After joining The Atlantic as a columnist on March 22, 2018, conservative writer Kevin D. Williamson was let go two weeks later, when a podcast from 2014, in which he elaborated on his previously expressed hard-line anti-abortion views, was revealed by Media Matters, a nonprofit group that says it monitors “conservative misinformation” in U.S. media.
Kevin D. Williamson is a journalist who wrote for National Review, a right-leaning magazine, for 10 years, until he was hired by The Atlantic as an opinion columnist. His critics discovered bigoted tweets and other offensive comments in his prior record.
Jeffrey Goldberg is editor-in-chief of The Atlantic, who made the contested decisions to hire, and subsequently to fire, Williamson. In a March 22 memo sent to Atlantic staff, Goldberg explained his rationale for hiring the polarizing writer. On April 5, Goldberg wrote another memo, saying “The Atlantic is not the best fit for his [Williamson’s] talents.”
Having served for a decade as roving correspondent for National Review, Kevin D. Williamson joined The Atlantic in March 2018 to contribute to a new section on “ideas, opinions, and commentary.”
In an internal memo obtained by Slate, Goldberg explained his rationale for hiring Williamson, saying that “I have disagreed with him more than I have agreed with him,” but that he was impressed with Williamson’s thoughtful, witty, and clear writing style — and that Williamson would be an asset to the organization’s ideological diversity. “If we are going to host debates, we have to host people who actually disagree with, and sometimes offend, the other side,” Goldberg said. “Kevin will help this cause.”
Many disagreed, however. Following Williamson’s hire (and the one article he managed to publish on April 2, 2018), liberal critics lambasted Goldberg and The Atlantic through Twitter posts and newspaper editorials. Journalists pointed out Williamson’s track record of publishing racially charged and misogynist essays. Abortion rights group Naral Pro Choice America started a Twitter campaign (#FireKevin) and complained to The Atlantic about his having been hired.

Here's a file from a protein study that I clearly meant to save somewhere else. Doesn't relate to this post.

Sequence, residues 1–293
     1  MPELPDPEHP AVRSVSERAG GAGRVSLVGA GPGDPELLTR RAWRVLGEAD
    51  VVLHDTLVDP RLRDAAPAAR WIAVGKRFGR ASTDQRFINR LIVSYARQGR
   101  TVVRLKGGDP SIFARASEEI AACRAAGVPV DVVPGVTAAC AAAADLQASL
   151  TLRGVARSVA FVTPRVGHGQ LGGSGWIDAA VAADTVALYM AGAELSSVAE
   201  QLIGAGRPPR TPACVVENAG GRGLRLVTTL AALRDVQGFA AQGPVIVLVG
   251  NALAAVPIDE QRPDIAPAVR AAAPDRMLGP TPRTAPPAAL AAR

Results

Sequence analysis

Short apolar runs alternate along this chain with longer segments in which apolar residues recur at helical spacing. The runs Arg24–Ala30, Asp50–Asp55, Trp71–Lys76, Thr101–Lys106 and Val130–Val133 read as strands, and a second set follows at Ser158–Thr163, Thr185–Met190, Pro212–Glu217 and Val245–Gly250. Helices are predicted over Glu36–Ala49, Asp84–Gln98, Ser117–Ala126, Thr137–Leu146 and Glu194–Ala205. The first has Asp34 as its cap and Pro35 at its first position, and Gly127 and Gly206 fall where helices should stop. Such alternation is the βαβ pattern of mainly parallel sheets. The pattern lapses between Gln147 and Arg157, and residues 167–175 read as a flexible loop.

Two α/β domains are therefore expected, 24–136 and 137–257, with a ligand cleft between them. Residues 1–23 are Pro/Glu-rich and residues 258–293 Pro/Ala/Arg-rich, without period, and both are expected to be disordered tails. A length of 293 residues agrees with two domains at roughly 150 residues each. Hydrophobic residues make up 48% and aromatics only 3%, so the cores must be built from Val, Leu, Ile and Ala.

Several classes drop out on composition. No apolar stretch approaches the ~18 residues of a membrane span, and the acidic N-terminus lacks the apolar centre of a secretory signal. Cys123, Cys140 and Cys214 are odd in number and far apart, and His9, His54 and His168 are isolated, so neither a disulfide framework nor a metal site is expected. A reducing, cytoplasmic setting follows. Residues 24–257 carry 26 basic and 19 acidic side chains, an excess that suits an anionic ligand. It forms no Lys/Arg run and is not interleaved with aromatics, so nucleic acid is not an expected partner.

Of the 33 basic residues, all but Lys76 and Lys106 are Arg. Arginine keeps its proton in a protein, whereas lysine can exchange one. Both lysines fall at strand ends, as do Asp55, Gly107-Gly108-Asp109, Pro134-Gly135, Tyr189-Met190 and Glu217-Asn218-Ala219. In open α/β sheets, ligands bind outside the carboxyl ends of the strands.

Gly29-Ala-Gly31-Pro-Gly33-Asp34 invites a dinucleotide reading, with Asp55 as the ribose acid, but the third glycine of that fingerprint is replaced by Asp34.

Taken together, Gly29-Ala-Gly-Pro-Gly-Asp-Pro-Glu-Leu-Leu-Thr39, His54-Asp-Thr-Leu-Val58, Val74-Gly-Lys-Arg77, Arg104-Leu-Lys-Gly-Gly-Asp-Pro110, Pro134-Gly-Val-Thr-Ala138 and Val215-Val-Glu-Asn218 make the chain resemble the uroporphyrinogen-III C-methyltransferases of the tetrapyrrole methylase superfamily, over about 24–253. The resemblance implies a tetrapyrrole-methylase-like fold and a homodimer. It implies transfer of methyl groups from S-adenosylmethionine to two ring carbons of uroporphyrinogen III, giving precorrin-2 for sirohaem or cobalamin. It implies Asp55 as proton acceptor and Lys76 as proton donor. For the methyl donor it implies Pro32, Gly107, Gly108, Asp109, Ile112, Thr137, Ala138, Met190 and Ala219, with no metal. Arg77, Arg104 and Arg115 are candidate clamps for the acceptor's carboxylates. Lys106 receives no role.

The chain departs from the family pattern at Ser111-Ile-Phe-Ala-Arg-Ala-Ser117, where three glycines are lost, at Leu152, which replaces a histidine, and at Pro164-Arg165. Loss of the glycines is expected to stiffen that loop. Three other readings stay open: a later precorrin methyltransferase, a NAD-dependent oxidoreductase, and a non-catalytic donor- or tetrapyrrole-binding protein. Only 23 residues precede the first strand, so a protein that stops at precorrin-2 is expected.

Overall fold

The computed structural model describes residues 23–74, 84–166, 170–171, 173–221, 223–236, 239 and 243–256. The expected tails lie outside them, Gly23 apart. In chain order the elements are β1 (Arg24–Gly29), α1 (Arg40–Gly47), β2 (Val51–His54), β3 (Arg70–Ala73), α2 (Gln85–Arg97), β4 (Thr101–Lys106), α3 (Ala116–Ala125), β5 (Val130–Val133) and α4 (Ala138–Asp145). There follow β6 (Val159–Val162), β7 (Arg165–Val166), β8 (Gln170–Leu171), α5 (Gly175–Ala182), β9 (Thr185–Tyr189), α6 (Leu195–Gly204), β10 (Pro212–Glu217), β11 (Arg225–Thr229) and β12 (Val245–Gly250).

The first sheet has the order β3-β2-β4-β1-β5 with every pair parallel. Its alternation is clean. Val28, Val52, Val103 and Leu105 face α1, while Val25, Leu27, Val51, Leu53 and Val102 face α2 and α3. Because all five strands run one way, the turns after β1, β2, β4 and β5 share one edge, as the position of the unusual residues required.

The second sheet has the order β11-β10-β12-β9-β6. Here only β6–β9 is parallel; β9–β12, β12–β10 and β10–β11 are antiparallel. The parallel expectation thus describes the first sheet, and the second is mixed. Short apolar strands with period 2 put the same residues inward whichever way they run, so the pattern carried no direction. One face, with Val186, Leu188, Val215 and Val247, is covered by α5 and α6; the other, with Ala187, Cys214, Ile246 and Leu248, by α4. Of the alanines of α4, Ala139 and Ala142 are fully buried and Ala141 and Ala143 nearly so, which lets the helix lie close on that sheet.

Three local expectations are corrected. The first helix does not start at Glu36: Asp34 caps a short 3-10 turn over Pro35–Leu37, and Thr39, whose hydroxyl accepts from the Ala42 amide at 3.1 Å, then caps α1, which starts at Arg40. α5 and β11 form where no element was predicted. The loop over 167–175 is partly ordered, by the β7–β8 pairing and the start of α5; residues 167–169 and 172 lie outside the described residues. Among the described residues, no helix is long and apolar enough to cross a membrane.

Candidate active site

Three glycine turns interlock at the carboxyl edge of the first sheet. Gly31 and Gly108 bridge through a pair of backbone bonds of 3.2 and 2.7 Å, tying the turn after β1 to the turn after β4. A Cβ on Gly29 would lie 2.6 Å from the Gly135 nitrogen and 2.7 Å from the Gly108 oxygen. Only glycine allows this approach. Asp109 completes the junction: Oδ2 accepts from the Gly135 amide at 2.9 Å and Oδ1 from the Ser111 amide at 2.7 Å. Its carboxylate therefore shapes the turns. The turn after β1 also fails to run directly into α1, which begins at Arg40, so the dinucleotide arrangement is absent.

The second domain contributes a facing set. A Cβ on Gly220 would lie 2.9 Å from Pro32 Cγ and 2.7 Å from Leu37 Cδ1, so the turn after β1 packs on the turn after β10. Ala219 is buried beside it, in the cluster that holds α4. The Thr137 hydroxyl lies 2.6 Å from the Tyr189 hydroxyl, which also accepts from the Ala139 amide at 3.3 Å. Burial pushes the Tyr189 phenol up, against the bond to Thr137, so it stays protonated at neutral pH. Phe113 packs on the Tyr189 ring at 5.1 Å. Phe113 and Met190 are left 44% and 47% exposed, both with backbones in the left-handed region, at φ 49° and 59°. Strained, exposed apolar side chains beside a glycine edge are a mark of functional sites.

Criticism was also directed at tweets that Williamson had posted on September 28, 2014, in which he asserted that women who had abortions were, in fact, committing murder, and could be charged with homicide. When questioned in online comments whether he thought the appropriate punishment for those who had elective abortions would be life without parole, he clarified that, “I have hanging more in mind.”
The next day, Williamson brought up and defended his position on “Mad Dogs and Englishmen,” the podcast he co-hosts with National Review editor Charles C. Cooke. He would later clarify these remarks in a March 26, 2015, speech at Hillsdale College, saying that he is “generally against capital punishment,” “always against ex-post-facto punishment,” and “always against lynching.”
Conservative Williamson supporters, worried that his history of inflammatory comments would put him at odds with The Atlantic and its audience, warned in March 2018 that firing him would be tantamount to silencing him, and thus hamper his Free Speech. But when Media Matters, a progressive nonprofit watchdog group, published transcript evidence of Williamson’s remarks from the 2014 podcast, Goldberg could no longer withstand the uproar.
According to The Huffington Post, Goldberg told Atlantic staff in an email that he was firing Williamson. He said that, although he thought Williamson’s tweets in 2014 had simply been “intemperate,” the podcast discussion proved that they actually represented Williamson’s “carefully considered views.” Goldberg further explained, “the language used in the podcast was callous and violent. This runs contrary to The Atlantic’s tradition of respectful, well-reasoned debate, and to the values of our workplace.”
Kevin D. Williamson fired from columnist position for the Atlantic
Atlantic Editor-in-Chief Jeffrey Goldberg fired commentator Kevin D. Williamson only two weeks after he was hired. Williamson responded by publishing numerous opinion pieces, including in the Wall Street Journal and Washington Post. “…in this case, I obscured the more meaningful questions about abortion and sparked the sort of hysteria I’d meant to point out and mock,” Williamson wrote in the Wall Street Journal. “What matters more is the issue of how the rage-fueled tribalism of social media, especially Twitter, has infected the op-ed pages and, to some extent, the rest of journalism.”
Prepared by Gustav Honl-Stuenkel ‘20
Uploaded August 20, 2018